15 December 2010


You have to love freedom, as much as it can be a pain in the tail some days.  Everyone is free to do pretty much whatever they want these days - be a boor, be an environmentalist, be a conservative, be an athlete, reject your parents' values, embrace your parents' values, have an affair, be a little off kilter.  This seems to be the underlying message of Jonathan Franzen's Freedom - you are free to be who you want, and you can allow your children to be who they want, but it may all not turn out the way you want it in the end.

Freedom has an interesting structure.  After an introductory section that introduces the Berglunds - Walter, Patty, Jessica, and Joey - the reader starts in on an autobiography of Patty Berglund "written at the suggestion of her therapist".  It's a good way to start changing perspective between the characters.  I almost started feeling sorry for Patty...almost (there is a specific incident that provokes empathy for her, but most of her personality is grating).  The perspective of Freedom doesn't shift as much as that of The Corrections but it does rotate so we get more sides to each character.

While I enjoyed reading Freedom, I think I like The Corrections a little better.  It felt snappier even though it still had the same change in perspective and moved back and forth in time.  Freedom is very relevant, though, and brings many current issues (terrorism, environmentalism, corporate greed, fraud, racism) to the fore.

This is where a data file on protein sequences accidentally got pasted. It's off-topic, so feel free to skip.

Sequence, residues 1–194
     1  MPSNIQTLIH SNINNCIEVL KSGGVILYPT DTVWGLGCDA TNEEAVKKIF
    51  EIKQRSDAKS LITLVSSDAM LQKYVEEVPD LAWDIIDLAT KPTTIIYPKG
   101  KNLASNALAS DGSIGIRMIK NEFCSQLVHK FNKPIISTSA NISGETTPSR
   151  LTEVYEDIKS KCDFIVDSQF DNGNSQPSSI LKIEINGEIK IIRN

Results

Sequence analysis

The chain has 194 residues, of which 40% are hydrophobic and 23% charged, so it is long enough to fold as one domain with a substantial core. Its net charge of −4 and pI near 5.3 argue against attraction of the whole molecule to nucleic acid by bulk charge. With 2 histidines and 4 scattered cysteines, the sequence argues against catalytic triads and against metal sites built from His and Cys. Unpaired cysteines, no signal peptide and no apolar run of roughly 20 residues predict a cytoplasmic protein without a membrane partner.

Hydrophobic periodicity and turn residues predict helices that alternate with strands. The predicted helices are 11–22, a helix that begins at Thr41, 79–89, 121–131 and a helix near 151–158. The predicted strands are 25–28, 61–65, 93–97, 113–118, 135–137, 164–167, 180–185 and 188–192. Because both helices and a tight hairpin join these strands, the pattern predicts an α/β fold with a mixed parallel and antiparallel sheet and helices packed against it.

I'm not going to write some long-winded paean to the genius that is Jonathan Franzen; it's not my schtick and whether or not he is a genius is something I really don't care about.  Freedom is a well-done book - as was The Corrections - and Franzen certainly has his own unique writing style.  He can create characters that you aren't supposed to like, that are tetchy, annoying, clingy, addicted, self-important, and make you see a situation from their perspective.  These are books to immerse yourself in rather than zip through at lightning speed.

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